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The algebra of distribution and its relationship with the universal enveloping algebra is discussed in the Jantzen's book, as we can see a discussion in the question link (more specifically, the Jim Humphreys comments).

The universal enveloping algebra and the hyperalgebra (i.e the distribution algebra) of an algebraic group over an algebraically closed field of characteristic zere coincides, however in positive characteristic it is not true.

When we are in the context of loop algebras and their subalgebras of fixed points under a finite order automorphism, is there a relationship between the universal enveloping algebra and something like a distribution algebra?

My motivation is because for these two cases we do have integral forms analogues to that of Kostant.

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Loop algebra is infinite-dimensional, so it is not clear for me how will you define the convolution of functions - you need Feynman integral - this will not come for free - you will have "anomaly" which is related to the central extension of the loop algebra and "critical level"... –  Alexander Chervov Jan 31 '12 at 7:30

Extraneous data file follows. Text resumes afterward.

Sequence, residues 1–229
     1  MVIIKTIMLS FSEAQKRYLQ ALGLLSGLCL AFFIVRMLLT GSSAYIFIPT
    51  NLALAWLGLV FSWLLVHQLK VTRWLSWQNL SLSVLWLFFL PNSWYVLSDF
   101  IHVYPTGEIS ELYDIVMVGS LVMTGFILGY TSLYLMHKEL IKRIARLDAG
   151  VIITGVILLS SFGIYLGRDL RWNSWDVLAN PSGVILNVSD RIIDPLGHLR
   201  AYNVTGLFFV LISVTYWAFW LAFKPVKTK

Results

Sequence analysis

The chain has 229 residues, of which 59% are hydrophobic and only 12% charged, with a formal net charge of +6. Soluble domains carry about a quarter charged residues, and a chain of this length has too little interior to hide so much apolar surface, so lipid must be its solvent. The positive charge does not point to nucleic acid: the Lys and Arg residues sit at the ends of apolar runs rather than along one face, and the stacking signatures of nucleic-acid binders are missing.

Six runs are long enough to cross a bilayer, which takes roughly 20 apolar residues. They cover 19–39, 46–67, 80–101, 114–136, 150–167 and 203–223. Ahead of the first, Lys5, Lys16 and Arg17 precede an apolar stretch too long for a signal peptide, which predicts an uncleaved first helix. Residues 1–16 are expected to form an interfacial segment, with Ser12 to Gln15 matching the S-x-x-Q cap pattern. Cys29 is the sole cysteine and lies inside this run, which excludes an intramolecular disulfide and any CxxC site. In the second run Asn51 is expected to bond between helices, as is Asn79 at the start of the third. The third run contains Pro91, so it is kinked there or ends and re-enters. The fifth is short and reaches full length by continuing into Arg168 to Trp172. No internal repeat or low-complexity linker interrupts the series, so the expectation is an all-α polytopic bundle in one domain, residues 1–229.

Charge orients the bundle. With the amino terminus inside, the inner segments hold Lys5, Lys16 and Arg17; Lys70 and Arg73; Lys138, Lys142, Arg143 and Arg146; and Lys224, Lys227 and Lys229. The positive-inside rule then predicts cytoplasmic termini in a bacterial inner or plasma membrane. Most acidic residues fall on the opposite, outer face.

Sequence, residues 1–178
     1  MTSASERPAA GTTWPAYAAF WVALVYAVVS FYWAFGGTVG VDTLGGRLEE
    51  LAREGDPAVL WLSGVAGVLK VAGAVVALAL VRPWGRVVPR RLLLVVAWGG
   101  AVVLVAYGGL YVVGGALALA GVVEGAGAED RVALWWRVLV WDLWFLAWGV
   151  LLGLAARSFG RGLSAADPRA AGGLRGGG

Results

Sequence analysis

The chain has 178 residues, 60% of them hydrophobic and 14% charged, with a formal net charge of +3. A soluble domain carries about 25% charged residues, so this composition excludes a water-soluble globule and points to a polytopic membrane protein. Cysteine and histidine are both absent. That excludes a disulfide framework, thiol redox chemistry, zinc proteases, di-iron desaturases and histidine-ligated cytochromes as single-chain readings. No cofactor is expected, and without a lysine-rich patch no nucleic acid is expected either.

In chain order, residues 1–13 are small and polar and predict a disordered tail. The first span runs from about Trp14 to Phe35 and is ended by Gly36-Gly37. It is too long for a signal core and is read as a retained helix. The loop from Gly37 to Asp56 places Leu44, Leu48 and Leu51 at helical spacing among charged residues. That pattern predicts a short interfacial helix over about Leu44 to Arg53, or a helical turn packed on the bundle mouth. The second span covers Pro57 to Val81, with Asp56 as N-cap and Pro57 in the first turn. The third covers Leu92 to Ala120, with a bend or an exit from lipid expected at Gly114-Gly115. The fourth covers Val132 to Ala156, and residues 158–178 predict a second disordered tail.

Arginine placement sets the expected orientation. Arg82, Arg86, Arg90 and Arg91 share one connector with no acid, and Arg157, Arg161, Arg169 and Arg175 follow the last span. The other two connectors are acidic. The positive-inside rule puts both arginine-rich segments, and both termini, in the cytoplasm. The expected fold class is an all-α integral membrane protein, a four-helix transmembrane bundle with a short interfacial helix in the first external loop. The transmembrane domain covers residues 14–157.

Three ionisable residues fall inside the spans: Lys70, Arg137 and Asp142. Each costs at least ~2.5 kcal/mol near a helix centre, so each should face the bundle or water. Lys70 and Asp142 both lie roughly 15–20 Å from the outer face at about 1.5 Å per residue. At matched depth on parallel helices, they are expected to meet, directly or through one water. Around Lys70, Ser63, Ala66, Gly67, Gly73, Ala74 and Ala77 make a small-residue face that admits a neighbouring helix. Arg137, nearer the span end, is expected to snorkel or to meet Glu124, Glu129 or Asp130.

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@Alexander: I guess Chris is referring to the "hyperalgebra" treatment by Garland which is parallel to the treatment of "distribution algebras" in the finite dimensional case. –  Jim Humphreys Mar 7 '12 at 23:27
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Not exaclty what you want, but the closest I can formally think is the following statement (which you can find correctly stated in Frenkel-Ben-Zvi's book and is due to Beilinson-Drinfeld)

"The affine chiral algebra consists of delta functions supported at the unit of the Beilinson-Drinfeld Grassmanian".

Just to say why this has some remote connection with what you want: you may want to think of the affine chiral algebra $V^k(g)$ associated to a finite dimensional $g$ as a quotient of the universal enveloping algebra of $\hat{g} = g((t))\oplus \mathbb{C}K$

$$V^k(g) := U( \hat{g}) \otimes_{ U(g[ [t]] \oplus \mathbb{C} K)} \mathbb{C} $$

The Beilinson-Drinfeld Grassmanian is to $V^k(g)$ what the Lie group $G$ is to $g$.

Finally note that delta functions supported at the identity of $G$ is the same as distributions supported at the identity of $G$ and is the same as $U(g)$.

With the forgiveness of the experts for trying to fit these thoughts in a few lines.

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